The world's first solar-powered plane today took off from a San Francisco Bay airstrip for a trans-American flight that will take it to Washington by mid-June. The plane, powered only by the sun, is capable of flying day and night.
`Solar Impulse', carrying a one-man crew, lifted off from the World War II-era airstrip shortly after 6 am (Pacific time). The plane, developed by Swiss technology firms, has an average cruising speed of 43 miles (around 69.202 km).
The Swiss developers say `Solar Impulse' will take 19 hours to reach its first stopover in Phoenix, but the technology is worth the wait.
There are four stopovers, at Phoenix, Dallas, St Louis and Washington, where it is slated to land at Dulles International Airport in Northern Virginia, before taking off for the final destination New York.
The plane will spend a couple of weeks in each metropolitan area it visits.
The US tour is a prelude to a planned around-the-world flight in 2015 in an improved craft.
The plane developed using ultra-light carbon-fiber frame has a wingspan of the size of a 747 aircraft and a slender fuselage and weighs around 3,500 pounds (about 1,587.57 kg).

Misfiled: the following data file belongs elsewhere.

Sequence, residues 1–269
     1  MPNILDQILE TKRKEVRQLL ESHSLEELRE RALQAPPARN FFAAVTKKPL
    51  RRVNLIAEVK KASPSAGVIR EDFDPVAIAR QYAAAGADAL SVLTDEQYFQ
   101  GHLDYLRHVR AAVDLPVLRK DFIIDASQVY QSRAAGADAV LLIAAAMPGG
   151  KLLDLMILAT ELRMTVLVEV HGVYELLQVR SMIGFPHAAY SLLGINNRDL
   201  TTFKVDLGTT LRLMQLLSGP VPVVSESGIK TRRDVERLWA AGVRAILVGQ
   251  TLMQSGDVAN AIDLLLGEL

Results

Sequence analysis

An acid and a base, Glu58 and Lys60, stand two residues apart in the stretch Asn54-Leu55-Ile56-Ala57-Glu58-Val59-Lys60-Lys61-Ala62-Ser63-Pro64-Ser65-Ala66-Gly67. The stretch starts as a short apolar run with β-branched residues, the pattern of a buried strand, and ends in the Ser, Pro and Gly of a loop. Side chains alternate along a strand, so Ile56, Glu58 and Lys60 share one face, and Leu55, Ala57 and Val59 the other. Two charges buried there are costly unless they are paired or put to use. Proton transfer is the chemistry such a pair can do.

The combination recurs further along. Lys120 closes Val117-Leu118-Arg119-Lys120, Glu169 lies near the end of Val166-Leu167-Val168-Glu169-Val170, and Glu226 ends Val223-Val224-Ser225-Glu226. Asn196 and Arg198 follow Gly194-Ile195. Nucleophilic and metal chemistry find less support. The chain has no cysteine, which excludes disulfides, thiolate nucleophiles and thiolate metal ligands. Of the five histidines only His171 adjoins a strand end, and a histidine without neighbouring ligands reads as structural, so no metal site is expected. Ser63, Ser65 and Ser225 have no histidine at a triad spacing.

The craft is fuelled by power generated by an array of 12,000 photovoltaic cells that form the top of its wings. Power is collected in a series of batteries arrayed behind the plane's four electric engines. The plane's engines give about 10 horsepower of power.
The plane can reach an altitude of up to 28,000 feet, which is less than 1.5 km that big commercial airliners attain above 800 km per hour. On-board instruments alert the pilot if the plane strays away even by a degree.
Solar Impulse cannot take off or land in windy conditions or fly through clouds and its current stage of development, the plane is not anywhere near a commercial aircraft.
The pilot must endure extreme heat and cold and wear an oxygen mask at higher altitudes and on long flights the pilot Borschberg practices meditation and advanced breathing techniques to stay energised. His co-founder and the plane's other pilot, Bertrand Piccard, a psychiatrist, does self-hypnosis.
For routine bodily functions the pilot relies on spent water bottles and eschews fibrous foods in the days before a flight to avoid the use of diapers. Future versions are expected to address these shortcomings.